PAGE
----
Forty years ago today, on 4 May 1983, the Minister for Forests, Rod Mackenzie, announced in Parliament the State Government’s intention to “shake up” the forest service.
The Forests Commission Victoria (FCV), and its predecessor the State Forests Department (SFD), had been stable and relatively autonomous authorities responsible for management and protection from bushfire of Victoria’s public forests for over 75 years.
A year earlier in April 1982, John Cain had been elected Premier of Victoria and replaced Liberal leader Lindsay Thomson as the first Labor State Premier after 27 years of unbroken conservative government.
The new Cain Government had formulated a range of ideas while in opposition and was keen to get busy. The reforms were to include radical changes to the operation of the State public service including a move to greater central and budget control by adopting a departmental model rather than independent commissions. Other organisations like the MMBW and the Victorian Railways were also in their sights.
A few months after the announcement, on 1 September 1983, the Forests Commission lost its discrete identity when it was merged into the newly formed Department of Conservation, Forests and Lands (CFL) along with the Crown Lands and Survey Department, National Park Service, Soil Conservation Authority and Fisheries and Wildlife Service.
The subsequent amalgamation and restructure were a protracted and disruptive process over the next three years. Many experienced forestry and firefighting staff chose to leave, while others saw it as a career opportunity to diversify, but most just had to “suck-it-up” or end up in the redeployment pool.
There was a short period of stability, but then the tempo of change seemed to accelerate, with many more departmental restructures occurring over the subsequent four decades. I can count nine major departmental name changes including…
- Department of Conservation Forests and Lands (CFL) – 1983
- Department of Conservation and Environment (DCE) – 1990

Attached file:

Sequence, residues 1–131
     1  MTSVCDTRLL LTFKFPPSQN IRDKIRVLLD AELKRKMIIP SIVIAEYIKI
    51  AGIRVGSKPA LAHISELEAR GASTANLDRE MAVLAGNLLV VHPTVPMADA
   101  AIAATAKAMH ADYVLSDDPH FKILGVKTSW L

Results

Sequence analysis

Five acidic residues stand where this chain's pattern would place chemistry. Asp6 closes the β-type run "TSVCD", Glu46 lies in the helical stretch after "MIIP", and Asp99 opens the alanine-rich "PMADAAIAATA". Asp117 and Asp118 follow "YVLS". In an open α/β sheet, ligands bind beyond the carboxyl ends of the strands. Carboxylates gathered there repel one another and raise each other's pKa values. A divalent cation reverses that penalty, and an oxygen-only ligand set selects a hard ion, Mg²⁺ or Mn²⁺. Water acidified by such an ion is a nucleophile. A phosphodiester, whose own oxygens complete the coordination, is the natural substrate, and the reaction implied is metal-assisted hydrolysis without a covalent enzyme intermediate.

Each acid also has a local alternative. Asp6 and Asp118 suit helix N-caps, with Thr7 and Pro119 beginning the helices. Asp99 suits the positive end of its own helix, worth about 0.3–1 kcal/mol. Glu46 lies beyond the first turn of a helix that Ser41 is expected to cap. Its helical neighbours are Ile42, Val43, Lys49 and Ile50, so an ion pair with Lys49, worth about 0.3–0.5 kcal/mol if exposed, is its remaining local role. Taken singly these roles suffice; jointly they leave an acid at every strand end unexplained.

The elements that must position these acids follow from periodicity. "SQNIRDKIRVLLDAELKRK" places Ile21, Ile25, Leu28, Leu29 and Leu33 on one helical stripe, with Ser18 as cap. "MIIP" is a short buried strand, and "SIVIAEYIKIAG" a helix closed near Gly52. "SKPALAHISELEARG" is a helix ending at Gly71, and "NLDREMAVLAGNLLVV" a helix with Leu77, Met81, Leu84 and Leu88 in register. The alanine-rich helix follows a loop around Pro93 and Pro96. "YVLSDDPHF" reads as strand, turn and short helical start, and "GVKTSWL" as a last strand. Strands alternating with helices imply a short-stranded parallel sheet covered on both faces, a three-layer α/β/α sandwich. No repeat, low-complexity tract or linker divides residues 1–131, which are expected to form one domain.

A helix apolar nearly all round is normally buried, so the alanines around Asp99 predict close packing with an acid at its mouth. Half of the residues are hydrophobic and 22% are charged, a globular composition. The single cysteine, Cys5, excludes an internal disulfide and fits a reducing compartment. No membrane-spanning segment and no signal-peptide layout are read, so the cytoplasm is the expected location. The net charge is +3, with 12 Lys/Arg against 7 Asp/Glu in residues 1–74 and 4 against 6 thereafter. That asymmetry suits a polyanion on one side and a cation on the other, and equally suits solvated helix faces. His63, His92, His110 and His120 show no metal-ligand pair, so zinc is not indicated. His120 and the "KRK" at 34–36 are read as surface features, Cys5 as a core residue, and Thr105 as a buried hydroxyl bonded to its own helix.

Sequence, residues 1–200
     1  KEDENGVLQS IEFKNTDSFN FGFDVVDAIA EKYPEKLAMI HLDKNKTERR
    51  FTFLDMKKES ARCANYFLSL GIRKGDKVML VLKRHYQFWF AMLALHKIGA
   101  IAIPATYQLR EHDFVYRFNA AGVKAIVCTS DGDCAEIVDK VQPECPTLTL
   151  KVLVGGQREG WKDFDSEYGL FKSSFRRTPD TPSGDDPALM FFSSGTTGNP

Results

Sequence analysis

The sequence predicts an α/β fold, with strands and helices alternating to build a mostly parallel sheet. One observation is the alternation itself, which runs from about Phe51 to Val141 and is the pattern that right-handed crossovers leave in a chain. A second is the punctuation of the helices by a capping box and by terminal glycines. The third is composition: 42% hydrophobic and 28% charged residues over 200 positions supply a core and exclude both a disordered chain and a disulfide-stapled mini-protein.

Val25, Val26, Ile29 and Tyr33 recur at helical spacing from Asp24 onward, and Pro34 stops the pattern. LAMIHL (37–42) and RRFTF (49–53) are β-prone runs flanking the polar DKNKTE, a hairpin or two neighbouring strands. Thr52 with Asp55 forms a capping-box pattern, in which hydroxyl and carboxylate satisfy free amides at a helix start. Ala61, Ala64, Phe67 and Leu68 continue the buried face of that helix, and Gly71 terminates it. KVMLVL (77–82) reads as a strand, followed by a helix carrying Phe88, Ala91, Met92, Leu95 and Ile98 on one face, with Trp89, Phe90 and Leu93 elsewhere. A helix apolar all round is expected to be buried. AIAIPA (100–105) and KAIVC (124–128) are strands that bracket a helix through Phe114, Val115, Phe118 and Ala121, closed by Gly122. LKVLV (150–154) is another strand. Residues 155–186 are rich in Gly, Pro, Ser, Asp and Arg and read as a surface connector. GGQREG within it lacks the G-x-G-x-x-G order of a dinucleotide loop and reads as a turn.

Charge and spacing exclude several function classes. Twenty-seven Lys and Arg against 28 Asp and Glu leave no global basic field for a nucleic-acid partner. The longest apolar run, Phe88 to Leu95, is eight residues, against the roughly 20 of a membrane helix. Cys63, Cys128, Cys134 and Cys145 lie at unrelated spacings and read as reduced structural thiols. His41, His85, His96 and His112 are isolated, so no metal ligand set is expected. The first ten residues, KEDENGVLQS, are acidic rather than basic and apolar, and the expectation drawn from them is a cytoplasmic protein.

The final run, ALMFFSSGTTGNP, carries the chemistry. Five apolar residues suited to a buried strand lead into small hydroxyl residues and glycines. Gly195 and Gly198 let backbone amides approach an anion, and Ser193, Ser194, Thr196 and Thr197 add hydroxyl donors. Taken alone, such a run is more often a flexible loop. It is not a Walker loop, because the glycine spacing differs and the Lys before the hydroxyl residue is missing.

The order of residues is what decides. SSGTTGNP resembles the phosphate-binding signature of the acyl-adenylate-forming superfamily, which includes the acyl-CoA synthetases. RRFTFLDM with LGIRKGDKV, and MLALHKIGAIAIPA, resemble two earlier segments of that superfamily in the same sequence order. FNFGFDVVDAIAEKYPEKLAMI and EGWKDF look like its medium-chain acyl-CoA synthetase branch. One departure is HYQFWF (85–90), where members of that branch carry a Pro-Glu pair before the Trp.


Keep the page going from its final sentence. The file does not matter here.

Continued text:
- Department of Conservation and Natural Resources (CNR) – 1992
- Department of Natural Resources and Environment (NRE) – 1996
- Department of Primary Industries (DPI) – 2002
- Department of Sustainability and Environment (DSE) – 2002
- Department of Environment and Primary Industries (DEPI) – 2012
- Department of Environment, Land, Water and Planning (DELWP) – 2014
- Department of Energy, Environment and Climate Action (DEECA) – 2023
In 1983, some 70–80% of all CFL personnel were located outside Melbourne, but over time, and with each successive budget and staff cut, the balance shifted with the number of regional offices in country Victoria radically falling from an initial eighteen down to six.
The demise of regional influence also corresponded with greater centralisation of decision making in head office combined with, what seemed, an exponential growth of media and ministerial advisors.
There were further splits and amalgamations with Agriculture and Planning, first moving in, and then moving out of the department, as well as the formation of the Victorian Plantation Corporation (VPC) in 1993, Catchment Management Authorities (CMAs) in 1994, Parks Victoria in 1996 and VicForests later in 2004.
Moreover, the department experienced no less than 7 State Premiers (both Liberal and Labor), 15 Government Ministers, 13 Director-Generals / Secretaries and 9 Chief Fire Officers, all of whom wrought their own changes which added to the organisational precariousness.
I’m not 100% certain of some of the dates, and in later years the expanding mega-department had multiple portfolios and multiple Ministers, so I may well have missed someone.
I also can’t remember exactly how many other minor internal changes and convoluted job titles have been inflicted but I seem to have accumulated a large collection of name tags and business cards.
It was sometimes very difficult to remain buoyant while getting used to yet another tongue twister acronym. Staff also became the butt of so many tiresome jokes like…
- CNR = Constant Name Review,
- DSE = Dept of Sparks & Embers or Dept of Scorched Earth
- NRE = No Rational Explanation
- And now we have the unfortunately named DEECA heads.
But for most bushies all the corporate branding was lost on them because as far as they were concerned, I still worked for “The Forestry”.
2 thoughts on “Yes Minister.”
Disappointing in the utmost having a major impact on national productivity over time and ineffective use of resources, especially considering “efforts” of the current govt.
Its amazing such a long run of a liberal govt and now the opposite in Vic.
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My most polite version of a comment, is “Commemorating 40 years of stuffed-up forest management !! But wait…it’s actually getting worse!”
Heaven help us all when those magnificent men (and a few ladies, too) and their logging machines, are not out and about, watching, waiting and anticipating, the next bushfire season.
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